should stimulate further intellectual debate. Use personal
    names since this confers an atmosphere of comradeship in text
    that though interesting scientifically, might be stylistically
    sterile. (... nice use of alliteration there... ED)

   *******************************************
2) To Post or not to post that is the question
   *******************************************

    When posting to the BIOSCI newsgroups always cross-post to all
    of them. Mike might miss your "Hi Mike!" message if you only
    post to EMBL-DATABASE so why not make sure and post it to BIO-
    CONVERSION as well.

    It is a pure fallacy that you should keep discussions strictly
    within specific newsgroups. A molecular biologist never knows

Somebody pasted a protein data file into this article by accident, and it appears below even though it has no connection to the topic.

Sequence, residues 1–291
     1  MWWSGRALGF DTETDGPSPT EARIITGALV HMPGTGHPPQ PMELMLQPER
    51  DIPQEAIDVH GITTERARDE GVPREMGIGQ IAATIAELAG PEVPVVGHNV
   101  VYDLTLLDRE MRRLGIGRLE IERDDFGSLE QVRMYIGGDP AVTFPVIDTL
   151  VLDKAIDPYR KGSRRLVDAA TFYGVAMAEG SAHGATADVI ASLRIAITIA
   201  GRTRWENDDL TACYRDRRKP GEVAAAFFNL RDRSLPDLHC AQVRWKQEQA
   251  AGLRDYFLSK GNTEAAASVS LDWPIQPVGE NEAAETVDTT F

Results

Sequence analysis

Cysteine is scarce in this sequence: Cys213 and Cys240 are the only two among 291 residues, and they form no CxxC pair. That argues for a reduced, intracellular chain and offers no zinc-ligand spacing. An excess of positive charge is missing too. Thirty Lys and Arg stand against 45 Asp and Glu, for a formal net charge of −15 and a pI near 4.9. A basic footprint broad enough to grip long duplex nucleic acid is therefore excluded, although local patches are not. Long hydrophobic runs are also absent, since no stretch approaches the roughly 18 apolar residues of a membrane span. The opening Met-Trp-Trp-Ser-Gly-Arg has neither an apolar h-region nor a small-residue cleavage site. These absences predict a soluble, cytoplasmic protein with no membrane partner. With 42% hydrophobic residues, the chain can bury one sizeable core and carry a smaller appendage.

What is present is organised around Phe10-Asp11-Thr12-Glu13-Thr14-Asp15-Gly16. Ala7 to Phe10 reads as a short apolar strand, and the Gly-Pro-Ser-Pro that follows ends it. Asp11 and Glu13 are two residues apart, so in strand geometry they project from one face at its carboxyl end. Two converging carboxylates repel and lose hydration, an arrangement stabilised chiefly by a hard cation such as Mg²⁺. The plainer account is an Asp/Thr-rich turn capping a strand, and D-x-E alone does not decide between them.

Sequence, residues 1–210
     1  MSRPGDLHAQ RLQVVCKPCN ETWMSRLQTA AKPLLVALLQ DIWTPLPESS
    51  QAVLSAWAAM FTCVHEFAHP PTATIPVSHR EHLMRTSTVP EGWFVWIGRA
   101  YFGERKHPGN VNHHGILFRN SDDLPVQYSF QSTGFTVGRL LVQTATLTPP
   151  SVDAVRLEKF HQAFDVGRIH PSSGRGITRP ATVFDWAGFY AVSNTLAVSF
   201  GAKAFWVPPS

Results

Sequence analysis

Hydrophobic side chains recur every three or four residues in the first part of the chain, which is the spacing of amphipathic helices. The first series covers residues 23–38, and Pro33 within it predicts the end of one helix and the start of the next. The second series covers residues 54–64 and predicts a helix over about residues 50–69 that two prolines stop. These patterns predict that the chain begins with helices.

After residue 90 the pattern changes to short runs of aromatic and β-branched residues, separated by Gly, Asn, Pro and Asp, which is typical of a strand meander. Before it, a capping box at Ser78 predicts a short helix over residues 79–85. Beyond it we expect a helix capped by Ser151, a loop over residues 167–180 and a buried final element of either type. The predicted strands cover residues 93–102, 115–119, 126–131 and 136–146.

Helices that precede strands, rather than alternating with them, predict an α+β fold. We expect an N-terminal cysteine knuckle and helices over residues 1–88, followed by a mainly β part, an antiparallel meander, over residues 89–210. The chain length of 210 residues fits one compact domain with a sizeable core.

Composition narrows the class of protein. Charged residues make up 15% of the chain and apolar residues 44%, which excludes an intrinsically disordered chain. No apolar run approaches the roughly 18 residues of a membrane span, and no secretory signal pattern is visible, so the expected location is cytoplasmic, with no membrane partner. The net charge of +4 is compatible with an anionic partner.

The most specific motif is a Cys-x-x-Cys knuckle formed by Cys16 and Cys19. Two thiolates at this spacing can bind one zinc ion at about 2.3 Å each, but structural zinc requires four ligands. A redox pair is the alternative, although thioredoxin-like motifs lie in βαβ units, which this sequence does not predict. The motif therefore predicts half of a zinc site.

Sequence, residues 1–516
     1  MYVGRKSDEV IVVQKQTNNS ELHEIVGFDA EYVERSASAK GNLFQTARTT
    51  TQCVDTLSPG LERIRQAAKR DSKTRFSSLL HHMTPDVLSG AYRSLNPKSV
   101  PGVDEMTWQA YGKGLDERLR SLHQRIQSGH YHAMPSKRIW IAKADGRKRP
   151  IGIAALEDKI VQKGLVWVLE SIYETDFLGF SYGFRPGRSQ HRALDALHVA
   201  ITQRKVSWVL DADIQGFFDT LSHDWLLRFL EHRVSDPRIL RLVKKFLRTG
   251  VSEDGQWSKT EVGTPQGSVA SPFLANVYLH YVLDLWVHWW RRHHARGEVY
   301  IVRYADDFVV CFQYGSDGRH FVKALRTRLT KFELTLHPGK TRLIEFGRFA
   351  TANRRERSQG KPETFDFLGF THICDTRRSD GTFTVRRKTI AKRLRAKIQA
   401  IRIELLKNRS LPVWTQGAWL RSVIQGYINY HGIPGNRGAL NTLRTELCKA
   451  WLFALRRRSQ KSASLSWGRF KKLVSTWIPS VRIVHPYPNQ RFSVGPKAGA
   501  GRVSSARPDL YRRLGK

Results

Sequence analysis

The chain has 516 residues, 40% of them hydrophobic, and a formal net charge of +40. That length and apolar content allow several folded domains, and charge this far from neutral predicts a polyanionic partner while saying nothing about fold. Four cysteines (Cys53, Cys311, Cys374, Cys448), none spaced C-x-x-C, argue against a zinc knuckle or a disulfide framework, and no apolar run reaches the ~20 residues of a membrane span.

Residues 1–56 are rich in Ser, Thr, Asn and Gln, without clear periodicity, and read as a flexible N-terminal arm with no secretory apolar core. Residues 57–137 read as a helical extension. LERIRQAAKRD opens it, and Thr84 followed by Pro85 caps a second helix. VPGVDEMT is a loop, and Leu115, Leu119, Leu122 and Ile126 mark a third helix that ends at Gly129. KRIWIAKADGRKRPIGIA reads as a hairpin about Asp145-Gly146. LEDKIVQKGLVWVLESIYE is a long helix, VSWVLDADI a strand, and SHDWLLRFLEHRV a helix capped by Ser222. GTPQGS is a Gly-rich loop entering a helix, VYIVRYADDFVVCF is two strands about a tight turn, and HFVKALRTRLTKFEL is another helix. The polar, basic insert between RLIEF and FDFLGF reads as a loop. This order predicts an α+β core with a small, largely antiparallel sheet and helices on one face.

when he might need to construct a composting toilet, so you
    can regard the odd cross posting between BIO-CONV and MOL-EVOL
    as an uplifting cultural exchange.

    Everyone really knows that the most worth while part of
    anybodies message is the end signature, cos it usually
    contains some neat little saying. A good rule of thumb is that
    if your message has one line of text in it your signature
    should have at least 24 to make up a full screenful. Develop a
    personalized signature that will get you recognized on the
    net.

    If you are irritated by what someone says on the BIOSCI
    network then FLAME them in public. Everyone enjoys a good
    haggling match... and it usually works wonders for newsgroups
    that you thought were dead and gone.

    If people begin to ask you awkward questions that you can not
    answer then it is best to refer them to someone else who is